Pick Me!

A weblog by Laura Moncur



Filed under: Personal History — Laura Moncur @ 5:50 am

There is a point when I am waking up in the middle of a dream in which I don’t know what is the dream and what is my imagination. My eyes are still closed and suddenly, I can control the events within my dream. I must be awake and imagining a finale to the dream so that I’m not left feeling like I left the movie theater before the climax.

They say dreams are the windows of the soul–take a peek and you can see the inner workings, the nuts and bolts.  – Henry Bromel, Northern Exposure, The Big Kiss, 1991

Last weekend, I had a dream about a teacher and some students in detention. I have no idea where the dream ends and my imagination begins. I guess it doesn’t matter. The memory from both were both wholly created within my mind. For some reason, I feel like I’m not responsible or even own my dreams, whereas my imagination is my own. It is a source of pride and shame, whereas my dreams are merely interesting fodder for talk

Imagination is the beginning of creation. You imagine what you desire, you will what you imagine and at last you create what you will.  – George Bernard Shaw (1856 – 1950)

When I was a teenager, we shared the bathroom. My mom, Stacey and I would all be together in the bathroom getting ready. The schedule for the showers went as follows: Me, Mom, Stacey. I would shower first, then move on to the makeup vanity. Mom would shower next and by the time she was done, it was time for me to do my hair while she put on her makeup. Stacey would stagger out of our bedroom right before Mom’s shower, but she needed food before she could be civil, so she ate breakfast before finally coming back upstairs to shower while I did my hair and Mom put on her makeup.

A schedule defends from chaos and whim.  – Annie Dillard

We were three women in a bathroom every school morning. Every morning we talked about our dreams. If we didn’t remember our dreams, we wouldn’t talk about them, of course, but almost every day one of the three of us remembered a dream. Stacey’s dreams were long rambling and incredibly detailed. I remember once she started telling her dream, I stepped downstairs for just a minute that turned into thirty minutes and when I came back, she was still talking about the same damn dream. We didn’t get to analyze her dreams. There wasn’t time. We just listened.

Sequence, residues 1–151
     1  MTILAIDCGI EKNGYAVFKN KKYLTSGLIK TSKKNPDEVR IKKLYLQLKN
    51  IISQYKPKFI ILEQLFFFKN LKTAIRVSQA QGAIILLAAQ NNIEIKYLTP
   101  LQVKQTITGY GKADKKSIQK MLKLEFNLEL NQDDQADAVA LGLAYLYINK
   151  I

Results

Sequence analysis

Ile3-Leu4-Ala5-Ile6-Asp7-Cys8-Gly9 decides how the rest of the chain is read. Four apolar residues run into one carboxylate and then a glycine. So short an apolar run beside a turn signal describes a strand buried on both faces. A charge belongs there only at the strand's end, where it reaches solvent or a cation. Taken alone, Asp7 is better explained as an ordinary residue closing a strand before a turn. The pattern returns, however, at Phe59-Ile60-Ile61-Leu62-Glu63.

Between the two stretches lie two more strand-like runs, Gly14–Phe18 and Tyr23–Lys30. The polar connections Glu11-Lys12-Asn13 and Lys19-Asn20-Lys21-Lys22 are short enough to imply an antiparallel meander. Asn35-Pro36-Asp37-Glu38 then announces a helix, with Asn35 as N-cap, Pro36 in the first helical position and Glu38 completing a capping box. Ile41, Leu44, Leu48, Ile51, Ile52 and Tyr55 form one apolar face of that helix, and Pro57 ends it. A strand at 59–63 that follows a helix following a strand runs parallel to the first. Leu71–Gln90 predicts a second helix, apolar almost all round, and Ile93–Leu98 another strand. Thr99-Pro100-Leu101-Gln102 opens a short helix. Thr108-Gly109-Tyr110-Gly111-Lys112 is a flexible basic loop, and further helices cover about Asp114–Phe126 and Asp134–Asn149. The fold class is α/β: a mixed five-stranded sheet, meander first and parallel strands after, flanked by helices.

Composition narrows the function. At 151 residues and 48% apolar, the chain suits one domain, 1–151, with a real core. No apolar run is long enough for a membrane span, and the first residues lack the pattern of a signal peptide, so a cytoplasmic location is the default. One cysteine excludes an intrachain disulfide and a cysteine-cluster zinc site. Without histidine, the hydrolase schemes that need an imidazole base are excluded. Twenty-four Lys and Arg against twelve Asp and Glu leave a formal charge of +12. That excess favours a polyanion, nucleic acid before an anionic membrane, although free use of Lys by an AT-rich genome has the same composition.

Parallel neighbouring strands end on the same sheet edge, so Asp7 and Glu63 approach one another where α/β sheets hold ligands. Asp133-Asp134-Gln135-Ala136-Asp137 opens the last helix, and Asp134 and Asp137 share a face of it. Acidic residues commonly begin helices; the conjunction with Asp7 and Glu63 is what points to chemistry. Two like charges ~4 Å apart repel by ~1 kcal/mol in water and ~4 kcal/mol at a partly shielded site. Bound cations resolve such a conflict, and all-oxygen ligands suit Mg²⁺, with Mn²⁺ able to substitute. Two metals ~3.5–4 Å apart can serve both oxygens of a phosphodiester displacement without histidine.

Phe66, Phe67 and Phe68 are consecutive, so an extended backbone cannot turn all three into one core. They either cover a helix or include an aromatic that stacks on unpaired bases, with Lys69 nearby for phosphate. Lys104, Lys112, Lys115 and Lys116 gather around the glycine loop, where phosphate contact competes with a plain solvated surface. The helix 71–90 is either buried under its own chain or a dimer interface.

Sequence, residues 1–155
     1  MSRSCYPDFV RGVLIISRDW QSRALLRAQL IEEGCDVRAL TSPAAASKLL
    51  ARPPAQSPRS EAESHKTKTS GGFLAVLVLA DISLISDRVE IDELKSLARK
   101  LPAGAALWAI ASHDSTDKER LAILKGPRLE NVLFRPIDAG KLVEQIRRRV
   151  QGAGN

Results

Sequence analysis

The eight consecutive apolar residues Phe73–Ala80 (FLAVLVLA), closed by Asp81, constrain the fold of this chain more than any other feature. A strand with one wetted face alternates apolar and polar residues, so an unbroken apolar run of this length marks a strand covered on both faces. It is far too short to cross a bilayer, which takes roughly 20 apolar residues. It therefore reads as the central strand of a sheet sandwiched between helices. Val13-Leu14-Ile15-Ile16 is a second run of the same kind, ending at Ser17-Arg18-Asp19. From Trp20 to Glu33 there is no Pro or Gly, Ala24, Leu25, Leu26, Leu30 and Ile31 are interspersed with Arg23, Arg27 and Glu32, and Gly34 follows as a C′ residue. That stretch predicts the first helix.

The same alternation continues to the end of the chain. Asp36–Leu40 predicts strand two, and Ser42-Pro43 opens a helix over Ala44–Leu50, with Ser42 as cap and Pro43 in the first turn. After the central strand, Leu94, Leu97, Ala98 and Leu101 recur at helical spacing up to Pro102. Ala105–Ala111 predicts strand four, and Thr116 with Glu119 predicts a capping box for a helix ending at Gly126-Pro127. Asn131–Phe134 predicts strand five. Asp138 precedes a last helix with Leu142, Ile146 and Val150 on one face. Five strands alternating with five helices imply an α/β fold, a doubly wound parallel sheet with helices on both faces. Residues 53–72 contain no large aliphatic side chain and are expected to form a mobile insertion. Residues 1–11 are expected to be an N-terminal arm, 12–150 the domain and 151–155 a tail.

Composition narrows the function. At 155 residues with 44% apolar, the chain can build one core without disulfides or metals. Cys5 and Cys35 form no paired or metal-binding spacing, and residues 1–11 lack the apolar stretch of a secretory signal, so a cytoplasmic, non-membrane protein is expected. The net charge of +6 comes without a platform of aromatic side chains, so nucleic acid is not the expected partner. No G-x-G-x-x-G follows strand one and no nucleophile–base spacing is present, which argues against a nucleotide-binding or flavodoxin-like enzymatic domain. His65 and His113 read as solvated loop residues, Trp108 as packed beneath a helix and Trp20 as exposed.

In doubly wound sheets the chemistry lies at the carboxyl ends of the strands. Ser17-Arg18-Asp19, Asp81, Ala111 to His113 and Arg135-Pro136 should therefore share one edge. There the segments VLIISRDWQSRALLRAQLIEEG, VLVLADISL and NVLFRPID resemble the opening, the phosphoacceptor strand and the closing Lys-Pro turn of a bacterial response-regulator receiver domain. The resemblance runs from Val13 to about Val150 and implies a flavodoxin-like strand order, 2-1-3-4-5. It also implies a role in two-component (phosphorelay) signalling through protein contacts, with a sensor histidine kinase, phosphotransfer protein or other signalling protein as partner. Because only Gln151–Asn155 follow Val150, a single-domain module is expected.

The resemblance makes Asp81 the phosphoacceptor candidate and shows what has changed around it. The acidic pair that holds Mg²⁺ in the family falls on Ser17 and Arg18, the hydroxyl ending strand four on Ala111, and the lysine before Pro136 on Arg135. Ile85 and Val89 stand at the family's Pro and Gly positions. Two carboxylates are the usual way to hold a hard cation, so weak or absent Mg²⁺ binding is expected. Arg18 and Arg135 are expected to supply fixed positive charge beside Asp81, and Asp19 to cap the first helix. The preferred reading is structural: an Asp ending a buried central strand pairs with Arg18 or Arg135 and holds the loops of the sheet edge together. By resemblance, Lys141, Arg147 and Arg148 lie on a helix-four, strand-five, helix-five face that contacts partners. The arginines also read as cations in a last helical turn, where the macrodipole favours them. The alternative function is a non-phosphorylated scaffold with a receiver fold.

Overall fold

Dreams are postcards from our subconscious, inner self to outer self, right brain trying to cross that moat to the left. Too often they come back unread: “return to sender, addressee unknown.” That’s a shame because it’s a whole other world out there–or in here depending on your point of view.  – Dennis Koenig and Jordan Budde, Northern Exposure, Roots, 1991

Most of the time, we were able to analyze. It was like a game to play every morning. “What do you think this dream means?” We didn’t base important life decisions on the analysis. It was all for fun. It was like a parlor game for the bathroom and we played it every morning. With three active minds, there was always a dream to play with.

Dreams come true. Without that possibility, nature would not incite us to have them.  – John Updike (1932 – )

I miss that game. Mike can’t play it. Sometimes he tries to play it with me, but he doesn’t have ten years practice like I do. He takes the analysis too seriously. It’s like he’s worried that I’ll make a life changing decision based on the random firing of neurons. I don’t even know how to teach him to play the game correctly. After thirteen years of marriage, I don’t think it’s going to happen. Maybe I should just call my sister every morning so we can go through our dreams together. Of course then, the phone call would be two hours every time she wants to tell me one of her dreams?


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